That was especially true for me this past year, when I made a list of fish I’d like to catch in 2018. I called it my “bucket list,” though it was not the traditional definition of the term. The phrase was originally coined as a list of things to do before you die, or “kick the bucket.” Not one for thinking about mortality, I prefer to consider it a list of fish to put in my 5-gallon bucket — even though I released many of them instead of keeping them.
For instance, some of the big species on my list were fish I’d never caught before or ones I caught when I was too young to remember. Since I’ve basically been fishing from the moment I could hold up my little Mickey Mouse pole, there’s been plenty of fish I’ve forgotten over the years. Making things even more complicated is the fact that I literally dream about fishing just about every night, and sometimes I get confused about which long-ago fishing trips were real and which ones were a figment of my imagination.
Among the top species on my list for last year were many I’d never caught, including smallmouth bass, drum, rock bass, warmouth and wiper. I also had white bass on the list, a species I’m told I caught a lot of as a kid but I can’t for the life of me remember.
As luck would have it, I knocked off most of those species this year — strangely enough, all within about a mile of each other at Lake Shawnee. The local lake is packed with a variety of fish species, and its deep waters mean plenty of space for fish to hide and grow big. My first smallmouth, drum, rock bass and warmouth were all caught at different times of the year at the same spot near a bridge where I’ve had good fishing success over the years. The white bass started biting strong during the fall at the heated dock and bit well through the end of the year, only recently shutting off when a nasty arctic cold front blew in.
Aside from the smallmouth, I really wasn’t targeting a specific species when I caught them all. But I like to think that when you make goals for yourself, the universe gives you opportunities to make them happen.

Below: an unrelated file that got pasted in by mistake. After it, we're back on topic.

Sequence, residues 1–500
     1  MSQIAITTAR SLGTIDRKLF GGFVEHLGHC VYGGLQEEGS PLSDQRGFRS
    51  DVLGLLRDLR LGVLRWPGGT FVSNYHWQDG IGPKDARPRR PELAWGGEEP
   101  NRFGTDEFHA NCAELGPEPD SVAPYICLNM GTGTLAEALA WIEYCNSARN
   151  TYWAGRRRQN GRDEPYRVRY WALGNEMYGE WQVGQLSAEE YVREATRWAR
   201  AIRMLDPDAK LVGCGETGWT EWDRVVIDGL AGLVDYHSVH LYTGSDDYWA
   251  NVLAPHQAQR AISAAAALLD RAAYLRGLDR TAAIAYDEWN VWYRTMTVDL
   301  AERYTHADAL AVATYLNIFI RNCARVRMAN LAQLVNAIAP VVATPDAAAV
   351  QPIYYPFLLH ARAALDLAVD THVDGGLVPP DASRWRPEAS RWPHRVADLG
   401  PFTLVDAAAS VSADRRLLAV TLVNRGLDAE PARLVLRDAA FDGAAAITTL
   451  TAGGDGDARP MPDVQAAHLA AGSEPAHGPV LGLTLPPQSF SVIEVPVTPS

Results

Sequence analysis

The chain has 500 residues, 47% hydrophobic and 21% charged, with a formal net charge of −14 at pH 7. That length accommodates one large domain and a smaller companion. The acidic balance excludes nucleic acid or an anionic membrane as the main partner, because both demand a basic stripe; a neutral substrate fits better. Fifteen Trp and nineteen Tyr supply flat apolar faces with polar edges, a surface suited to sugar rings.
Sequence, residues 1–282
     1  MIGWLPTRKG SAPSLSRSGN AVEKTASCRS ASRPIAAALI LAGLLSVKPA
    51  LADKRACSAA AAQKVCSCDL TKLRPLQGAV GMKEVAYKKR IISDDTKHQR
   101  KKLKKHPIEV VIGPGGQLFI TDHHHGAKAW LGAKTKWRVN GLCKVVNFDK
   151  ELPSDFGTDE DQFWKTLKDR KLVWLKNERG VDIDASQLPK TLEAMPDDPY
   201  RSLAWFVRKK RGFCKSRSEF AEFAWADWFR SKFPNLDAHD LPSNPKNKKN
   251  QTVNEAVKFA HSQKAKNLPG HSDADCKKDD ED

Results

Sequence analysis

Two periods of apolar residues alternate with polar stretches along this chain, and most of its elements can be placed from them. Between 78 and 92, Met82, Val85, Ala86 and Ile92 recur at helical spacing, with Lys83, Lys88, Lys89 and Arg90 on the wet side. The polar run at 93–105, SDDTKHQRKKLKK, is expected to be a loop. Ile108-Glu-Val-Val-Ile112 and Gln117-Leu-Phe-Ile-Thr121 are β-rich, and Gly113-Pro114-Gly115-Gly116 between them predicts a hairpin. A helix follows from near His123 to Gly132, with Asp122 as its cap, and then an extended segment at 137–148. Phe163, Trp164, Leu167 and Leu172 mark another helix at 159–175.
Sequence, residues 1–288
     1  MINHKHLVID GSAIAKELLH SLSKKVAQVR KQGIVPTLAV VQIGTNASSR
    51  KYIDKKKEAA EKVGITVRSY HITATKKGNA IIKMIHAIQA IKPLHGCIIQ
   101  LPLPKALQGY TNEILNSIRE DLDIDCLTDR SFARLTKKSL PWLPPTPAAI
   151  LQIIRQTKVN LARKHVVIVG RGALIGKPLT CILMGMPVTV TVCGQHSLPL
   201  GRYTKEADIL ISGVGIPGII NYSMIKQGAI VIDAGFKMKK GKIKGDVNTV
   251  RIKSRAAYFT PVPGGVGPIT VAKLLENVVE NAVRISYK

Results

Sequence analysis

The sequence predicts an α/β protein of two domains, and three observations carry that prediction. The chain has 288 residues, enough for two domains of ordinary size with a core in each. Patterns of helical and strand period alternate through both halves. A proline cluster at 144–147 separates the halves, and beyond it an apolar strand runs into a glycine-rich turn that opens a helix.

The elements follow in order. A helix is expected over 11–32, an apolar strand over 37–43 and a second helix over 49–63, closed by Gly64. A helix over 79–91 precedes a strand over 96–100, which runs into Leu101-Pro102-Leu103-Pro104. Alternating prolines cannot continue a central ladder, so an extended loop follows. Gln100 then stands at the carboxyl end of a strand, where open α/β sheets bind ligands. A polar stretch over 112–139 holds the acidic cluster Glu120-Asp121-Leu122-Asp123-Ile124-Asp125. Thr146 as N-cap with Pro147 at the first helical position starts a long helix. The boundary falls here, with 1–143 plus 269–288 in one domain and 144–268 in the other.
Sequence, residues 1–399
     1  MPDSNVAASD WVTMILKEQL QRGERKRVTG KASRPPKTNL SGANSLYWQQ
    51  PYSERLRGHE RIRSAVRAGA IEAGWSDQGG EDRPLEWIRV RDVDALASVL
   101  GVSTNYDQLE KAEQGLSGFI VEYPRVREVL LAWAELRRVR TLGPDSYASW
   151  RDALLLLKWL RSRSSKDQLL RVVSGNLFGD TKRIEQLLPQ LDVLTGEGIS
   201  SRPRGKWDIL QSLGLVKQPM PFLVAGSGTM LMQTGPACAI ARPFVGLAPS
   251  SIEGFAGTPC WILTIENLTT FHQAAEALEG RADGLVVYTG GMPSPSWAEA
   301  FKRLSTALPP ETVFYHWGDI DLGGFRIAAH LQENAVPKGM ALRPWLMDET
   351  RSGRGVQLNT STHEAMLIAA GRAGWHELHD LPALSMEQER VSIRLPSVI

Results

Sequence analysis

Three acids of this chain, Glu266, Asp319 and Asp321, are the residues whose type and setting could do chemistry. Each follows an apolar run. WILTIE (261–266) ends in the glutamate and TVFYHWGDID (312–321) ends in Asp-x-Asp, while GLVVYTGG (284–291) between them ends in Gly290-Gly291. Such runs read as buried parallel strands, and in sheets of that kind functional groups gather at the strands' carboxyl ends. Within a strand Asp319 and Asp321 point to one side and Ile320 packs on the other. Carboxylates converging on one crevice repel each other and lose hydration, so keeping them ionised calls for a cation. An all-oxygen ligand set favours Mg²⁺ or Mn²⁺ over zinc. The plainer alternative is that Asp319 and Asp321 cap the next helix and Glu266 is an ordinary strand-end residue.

The funniest ones to me were the rock bass and warmouth, small panfish I hadn’t ever caught before and didn’t know much about, but wanted to see in person. I actually caught several rock bass and a couple warmouth, to my surprise. It was like the moment I finally caught the first of a species, suddenly the seal was broken and they all started coming to find me. It may have been pure coincidence, but I like to think my little “bucket list” of fish was always there subconsciously in the back of my mind.
I also caught some fish I’d caught frequently throughout the years but hadn’t seen much recently, like white crappie (I’ve caught mostly black crappie in recent years) and a couple new personal bests — namely rainbow trout and a 16-inch white bass. Speaking of rainbow trout, the tasty, speckled salmonid was among the new species I put on my list in 2017, and I caught a few during that time.
So I will again make a list of fish I’d like to catch, some new and some familiar:
• Wiper will again top my list as one of the species I have yet to catch. While I got plenty of experience this fall catching its parent species, the white bass, this hard-fighting hybrid nevertheless eluded me again this year.
• Yellow perch are, in my opinion, one of the coolest-looking freshwater fish and are supposed to be quite tasty. There are reportedly still some in Lake Shawnee, and I’d love to hook into a nice one, especially during the hardwater season.
• Walleye are probably my favorite fish to eat, and some of the more difficult to find at times. I’d love to catch a few more in 2019, for sure.
• I’ve caught small blue cats before, but I’d love to catch a monster one this year. Milford Reservoir is among the top spots to find a big brute in Kansas, and I may try to find a big boy in those waters before the year is through. A 20-plus pounder would make my day, a 40-pounder would blow my mind. A 60- or 80-pounder? I can die happy.
• Northern pike is another species I’ve never caught, as they are quite rare in this region. Still, there are a couple spots (even here in Kansas) where this toothy fish can be caught, and I’d love to finally check that off my list. I’d also like to catch its smaller cousin, the pickerel.
• Finally, I’d like to catch a nice, big carp. I’ve caught some nice ones before, but never on purpose. Typically it was when I was fishing for catfish with my dad at Lake Perry’s Hog Trough. I’d like to actually go target a carp with dough balls, and while I’d be happy with any kind of carp, the mirror carp is the top one on my list. It’s another insanely cool-looking fish.
I hope my 2019 bucket list gave you some good ideas for your own list, and I hope to hear from you when you scratch a fish off from it!
I’ll be sure to tell you all about mine, as well.